New compact Lexus UX SUV delivers tech first
LEXUS'S new small SUV is late to the party but it will at least bring something new to show off.
Scheduled to make its entrance in November, the UX - for Urban explorer - will be first in the booming category with the option of hybrid power.
Petrol-electric propulsion is trademark tech at Lexus, the luxury brand launched by hybrid pioneer Toyota in 1989. The top-of-the-range UX 250h introduces an entirely new hybrid set-up, built around Toyota's equally new 2.0-litre four-cylinder.
The same basic engine also powers the least costly variant, the front-drive UX 200. Lexus Australia is yet to finalise prices but this one is tipped to be about $45,000.
The small SUV segment is going big-time in Australia. Sales are up more 25 per cent this year, more than double the growth rate for SUVs overall. The trend is just as strong for premium brands as mainstream makers.
What makes this Lexus really special isn't its hybrid technology. The UX is the work of a team led by Chika Kako - the first woman to reach chief engineer rank at Toyota and
The 51-year-old from Nagoya earned a degree in chemical engineering before being hired by Toyota and becoming an interior specialist. The cabin, designed and engineered by Kako's crew, is one of the UX's strengths.
The driver-focused interior of the five-seater is attractive and, as with other models from Lexus, oozes quality. One of the fit-out options includes a dash-top pad made to mimic the texture of Japanese artisan-made washi paper. Those who don't like it can choose the usual leather look instead.
Even though it makes a great first impression, the interior of the UX isn't No. 1 for user-friendly functionality. The touchpad between the front seats, used to scroll and tap through menus displayed on the hi-res centre screen, isn't as precise a pointer as the dial devices favoured by its German competitors.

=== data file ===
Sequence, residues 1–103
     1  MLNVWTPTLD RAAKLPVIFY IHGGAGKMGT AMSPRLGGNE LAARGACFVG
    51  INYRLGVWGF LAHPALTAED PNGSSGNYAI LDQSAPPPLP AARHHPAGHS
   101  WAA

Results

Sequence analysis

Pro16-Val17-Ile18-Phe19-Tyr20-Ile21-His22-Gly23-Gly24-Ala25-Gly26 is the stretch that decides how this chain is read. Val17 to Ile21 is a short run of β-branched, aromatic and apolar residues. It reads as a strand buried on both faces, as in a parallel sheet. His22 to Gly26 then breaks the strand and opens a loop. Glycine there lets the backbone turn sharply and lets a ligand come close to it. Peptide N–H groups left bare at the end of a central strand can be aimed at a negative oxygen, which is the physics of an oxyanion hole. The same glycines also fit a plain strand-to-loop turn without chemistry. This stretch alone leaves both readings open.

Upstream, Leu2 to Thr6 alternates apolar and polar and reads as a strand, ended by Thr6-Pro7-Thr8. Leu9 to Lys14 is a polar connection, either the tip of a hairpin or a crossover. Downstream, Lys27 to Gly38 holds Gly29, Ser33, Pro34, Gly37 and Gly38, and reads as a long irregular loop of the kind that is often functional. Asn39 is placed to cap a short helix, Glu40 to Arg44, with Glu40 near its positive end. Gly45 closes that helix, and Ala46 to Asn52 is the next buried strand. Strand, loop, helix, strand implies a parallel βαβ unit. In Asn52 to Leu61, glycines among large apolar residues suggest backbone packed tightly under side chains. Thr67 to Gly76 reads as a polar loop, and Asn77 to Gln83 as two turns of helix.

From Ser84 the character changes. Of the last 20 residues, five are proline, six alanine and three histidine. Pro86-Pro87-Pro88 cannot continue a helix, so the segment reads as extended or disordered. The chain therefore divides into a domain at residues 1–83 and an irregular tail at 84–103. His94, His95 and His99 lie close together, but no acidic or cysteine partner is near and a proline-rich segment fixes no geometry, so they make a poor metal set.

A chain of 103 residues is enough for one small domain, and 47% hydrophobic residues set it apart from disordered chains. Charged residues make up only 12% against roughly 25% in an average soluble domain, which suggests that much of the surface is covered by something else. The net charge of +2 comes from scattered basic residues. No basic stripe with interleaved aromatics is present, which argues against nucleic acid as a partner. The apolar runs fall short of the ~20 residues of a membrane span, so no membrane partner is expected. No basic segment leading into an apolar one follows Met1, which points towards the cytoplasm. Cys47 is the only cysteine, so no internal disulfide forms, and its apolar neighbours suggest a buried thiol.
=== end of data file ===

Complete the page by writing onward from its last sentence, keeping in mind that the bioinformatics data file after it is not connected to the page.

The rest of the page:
And the adjacent audio control pod, a UX innovation, isn't a great success either. Perhaps more importantly, rear-seat roominess isn't outstanding and the cargo compartment is rather small.
The exterior of the UX, with its distinctive full-width LED tail-light strip, isn't as hard to like as the company's other SUVs.
In profile it is somewhat similar to the Mercedes-Benz GLA, best-seller in the class, while the shape of the contrasting wheelarch mouldings may remind some of the Hyundai Kona. Still, the UX is a neat and tidy design by Lexus standards.
The performance delivered by normal and hybrid drive is fine. In the UX 200, the 126kW engine is teamed with an automatic transmission that combines toothed gear wheels with a pulley-and-belt continuously variable transmission.
Initial acceleration uses only the fixed-ratio gear, for a more responsive launch feel, then switches to the CVT mechanism. Acceleration is brisk enough, though tingly engine vibrations blight the UX 200 if the go-pedal is floored when the lights turn green.
The 131kW hybrid drive of the UX 250h is more serene, and faster. It's also certain to be more efficient, although Lexus is yet to certify the vehicles' fuel consumption.
The maker will import front and all-wheel drive versions of the hybrid, the latter dubbed E-Four and equipped with an extra electric motor to drive the rear wheels. Though small, it reduces the volume of the small-ish cargo compartment above it by 30L.
The E-Four set-up boosts traction but according to Lexus the lighter front-drive UX 250h is a fraction quicker from rest to 100km/h. Both versions can deliver turbo diesel-like acceleration once they're rolling, but with more calm and quiet.
Road noise levels are higher than they should be in both the 200 and 250h, at least on the 18-inch tyres worn by the UXs sampled at the vehicle's international media presentation in Stockholm last month. The basic 200 will roll on 17-inch wheels, while the 250h and F-Sport will run on 18-inches.
As with the Toyota C-HR, the UX is built on the compact version of the Japanese giant's new and much improved small-car architecture.
It has a lower centre of gravity than competitors, Lexus claims, and a well-sorted independent multilink rear suspension. This means tidy handling and reasonable ride comfort, just like the C-HR.
Its electric-assist steering is direct and precise but the UX is not the kind of vehicle to deliver orgasmic levels of driving pleasure.
Small premium SUV shoppers are more likely to be turned on instead by the UX's lavish standard equipment list, obvious quality and the solid reputation of the brand that builds it.
Lexus UX 200 vitals
Price: $45,000 (est)
Warranty/servicing: 4 years/100,000km; no capped servicing.
Safety: Not yet rated
Engine: 2.0-litre 4-cyl, 126kW/205Nm
Transmission: Fixed 1st gear plus CVT; FWD
0-100km/h: 9.2 secs